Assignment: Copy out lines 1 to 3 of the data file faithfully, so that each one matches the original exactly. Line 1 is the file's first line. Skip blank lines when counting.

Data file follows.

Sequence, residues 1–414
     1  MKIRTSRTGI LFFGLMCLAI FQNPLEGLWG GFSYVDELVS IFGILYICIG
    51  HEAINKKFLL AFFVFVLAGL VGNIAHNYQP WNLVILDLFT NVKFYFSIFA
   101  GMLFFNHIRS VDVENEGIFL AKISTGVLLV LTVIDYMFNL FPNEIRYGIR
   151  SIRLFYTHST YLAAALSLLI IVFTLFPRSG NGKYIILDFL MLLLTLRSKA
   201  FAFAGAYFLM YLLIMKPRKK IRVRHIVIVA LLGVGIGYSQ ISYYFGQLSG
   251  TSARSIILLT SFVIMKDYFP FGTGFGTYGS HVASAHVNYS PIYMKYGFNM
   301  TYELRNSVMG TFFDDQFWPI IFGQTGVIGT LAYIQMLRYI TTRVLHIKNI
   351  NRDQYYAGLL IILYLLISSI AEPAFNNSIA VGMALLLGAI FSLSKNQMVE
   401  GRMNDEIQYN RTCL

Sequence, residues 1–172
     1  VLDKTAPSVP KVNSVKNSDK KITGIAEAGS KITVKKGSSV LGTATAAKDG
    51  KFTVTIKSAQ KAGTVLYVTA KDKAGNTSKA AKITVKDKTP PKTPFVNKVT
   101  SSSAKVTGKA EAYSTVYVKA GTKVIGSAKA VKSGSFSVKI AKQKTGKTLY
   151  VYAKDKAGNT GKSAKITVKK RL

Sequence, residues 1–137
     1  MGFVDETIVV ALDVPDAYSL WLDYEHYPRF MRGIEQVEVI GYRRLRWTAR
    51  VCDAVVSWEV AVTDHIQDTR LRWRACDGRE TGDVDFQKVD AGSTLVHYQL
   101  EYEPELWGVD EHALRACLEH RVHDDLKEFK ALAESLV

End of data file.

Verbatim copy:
Sequence, residues 1–414
     1  MKIRTSRTGI LFFGLMCLAI FQNPLEGLWG GFSYVDELVS IFGILYICIG
    51  HEAINKKFLL AFFVFVLAGL VGNIAHNYQP WNLVILDLFT NVKFYFSIFA